I like to see that sort of risk taking coming out of a well-established game design studio like Wizards of the Coast. While I’ve played in and enjoyed their prior adventures, I’ve never wanted to run one of their games. As a GM, I like to keep my players guessing and while Rise of Tiamat and Storm King’s Thunder were fun adventures they didn’t leave a lot of room for improvisation or surprises. In contrast, Dragon Heist is versatile, and highly modular. It gives game masters options that have an impact and there’s more than enough room to make the story your own. An entire quarter of the book is given over to giving the players a chance to build relationships with Waterdeep’s various factions. In turn, this really lets the game master cut loose and add his own unique flavor to the adventure. While I haven’t started running the game yet, I can’t imagine any point in Dragon Heist where the game master is reduced to being the computer spitting out enemies and calculating damage, the fear of all GM’s when running a module like this.
All of this freedom never feels like it comes at the expense of tight, effective game design. Despite the modular nature of the adventure and the expansive options for customization, it never feels like Lead Design Chris Perkins or his team lost sight of their goals. Chapter 4 of the adventure in particular reads like a very impressive exercise in game design efficiency, ensuring that no matter what choices the GM made, all players will get to experience most of what Dragon Heist’s climax has to offer. That said, it’s impossible to see everything that Perkins and crew put into the game in one go, making Dragon Heist easily one of the most replayable games in recent memory, if not ever.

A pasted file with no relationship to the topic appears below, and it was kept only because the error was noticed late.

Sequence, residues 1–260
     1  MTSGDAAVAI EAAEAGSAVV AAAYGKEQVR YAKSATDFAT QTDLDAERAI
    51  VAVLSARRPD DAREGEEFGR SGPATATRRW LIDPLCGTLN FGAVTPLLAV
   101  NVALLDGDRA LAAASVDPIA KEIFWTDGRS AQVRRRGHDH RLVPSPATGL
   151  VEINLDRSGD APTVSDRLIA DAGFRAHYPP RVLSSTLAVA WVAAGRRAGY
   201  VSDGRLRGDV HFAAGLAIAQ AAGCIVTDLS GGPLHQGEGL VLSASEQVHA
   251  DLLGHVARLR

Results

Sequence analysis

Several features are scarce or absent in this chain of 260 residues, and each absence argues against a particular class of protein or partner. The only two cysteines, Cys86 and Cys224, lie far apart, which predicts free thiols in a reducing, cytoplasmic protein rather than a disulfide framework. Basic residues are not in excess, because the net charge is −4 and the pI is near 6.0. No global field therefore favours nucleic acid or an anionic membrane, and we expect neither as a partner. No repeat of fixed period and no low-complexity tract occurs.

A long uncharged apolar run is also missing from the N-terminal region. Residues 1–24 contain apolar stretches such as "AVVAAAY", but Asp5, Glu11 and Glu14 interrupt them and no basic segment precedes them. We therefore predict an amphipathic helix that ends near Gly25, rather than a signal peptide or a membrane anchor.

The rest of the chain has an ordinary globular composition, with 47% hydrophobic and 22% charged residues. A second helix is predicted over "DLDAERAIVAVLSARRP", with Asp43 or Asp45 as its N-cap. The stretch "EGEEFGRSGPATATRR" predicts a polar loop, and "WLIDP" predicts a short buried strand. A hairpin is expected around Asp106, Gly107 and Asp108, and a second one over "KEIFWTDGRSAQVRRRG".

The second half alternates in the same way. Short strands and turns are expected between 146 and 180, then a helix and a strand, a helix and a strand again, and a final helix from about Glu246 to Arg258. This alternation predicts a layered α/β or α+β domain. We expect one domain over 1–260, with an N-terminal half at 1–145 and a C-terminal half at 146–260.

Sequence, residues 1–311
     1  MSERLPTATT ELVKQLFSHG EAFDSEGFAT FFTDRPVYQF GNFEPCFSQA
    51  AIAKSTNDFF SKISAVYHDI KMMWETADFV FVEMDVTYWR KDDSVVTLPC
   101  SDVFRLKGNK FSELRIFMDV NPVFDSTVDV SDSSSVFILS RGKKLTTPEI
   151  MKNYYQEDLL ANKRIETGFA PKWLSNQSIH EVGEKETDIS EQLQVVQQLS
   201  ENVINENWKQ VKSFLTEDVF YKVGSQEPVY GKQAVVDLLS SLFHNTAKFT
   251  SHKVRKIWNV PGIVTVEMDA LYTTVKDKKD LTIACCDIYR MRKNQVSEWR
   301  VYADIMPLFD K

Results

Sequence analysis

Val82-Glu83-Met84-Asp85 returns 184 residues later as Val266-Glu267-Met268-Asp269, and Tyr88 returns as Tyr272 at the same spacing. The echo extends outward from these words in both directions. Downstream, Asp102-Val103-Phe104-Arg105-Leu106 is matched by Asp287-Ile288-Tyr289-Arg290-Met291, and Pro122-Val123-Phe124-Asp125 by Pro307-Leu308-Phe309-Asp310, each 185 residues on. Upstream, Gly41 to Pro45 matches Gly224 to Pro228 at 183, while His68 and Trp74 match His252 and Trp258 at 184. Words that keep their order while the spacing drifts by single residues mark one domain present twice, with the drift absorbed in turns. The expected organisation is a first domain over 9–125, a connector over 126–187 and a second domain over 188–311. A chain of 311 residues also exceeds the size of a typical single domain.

If there’s a distinct problem to be had, then it’s in the book’s tone and construction. The game’s primary goal seems to be making the city of Waterdeep as much of a character as any of the actors in the story. There’s definitely shades of Pratchett’s Ankh-Morpork in this version of Waterdeep, a city on the cusp of modernity and dealing with the fallout of decades of fantasy disasters. But while the plot contrives means for the players to find themselves integrated into the city, game masters might find themselves high and dry. The book itself is divided pretty clearly between game adventure and tour guide to the city and for what it’s worth, it’s a very good tour. The book explains the ins and outs of Waterdeep in a comprehensive and fun way, while staying in character since the section is literally a tour guide written in-character by one of the city’s many colorful locals. But the fact that it’s more or less completely separate from the story makes it hard for a GM to weave that flavor into the tail. This isn’t a problem unique to Dragon Heist, and indeed could be considered one of the biggest hurdles from most TRPG rulebooks and adventures. Still, it’s a minor quibble for an overall solid book and adventure.
So to the question of if you should buy Dragon Heist, the answer is…it depends. I don’t know if it’s a great game to run as a first time game master. The complexity of the villains’ motives, and the conspiratorial plot could be a bit confusing for a first time game master. There are a lot of plates to keep spinning in this plot. That said, as an introduction to Dungeons and Dragons I think Dragon Heist might be unparalleled. This sort of goes back to why I recommend that fans of superhero movies get into the comic book source material. Because comic books have been going for a long time and have a smaller audience, creative writers and artists can do interesting things with classic characters that go against the grain of popular conscience. Nobody’s going to make a blockbuster about Batman fighting against a secret cabal of Gotham’s rich and powerful, but in 2011 Scott Snyder did just that in the comics. The same goes for Dungeons and Dragons. While the idea of a world-spanning adventure might be fun, where else can the average person experience an urban adventure in a high fantasy setting with as much history as Faerûn? It’s not necessarily Game of Thrones, but it doesn’t need to be. And if you’re a long time fan of Dungeons and Dragons or an adherent of fifth edition with an established group? Well, you’ve probably already preordered a copy and set up a group for September 20th.
It’s worth noting that this is all a preliminary review. I hope to return to Dragon Heist in a few months, after I run the adventure for a more complete and thorough review. Hopefully, in the mean time you can pick up the game yourself and experience the urban fantasy fun for yourself. Thanks for reading.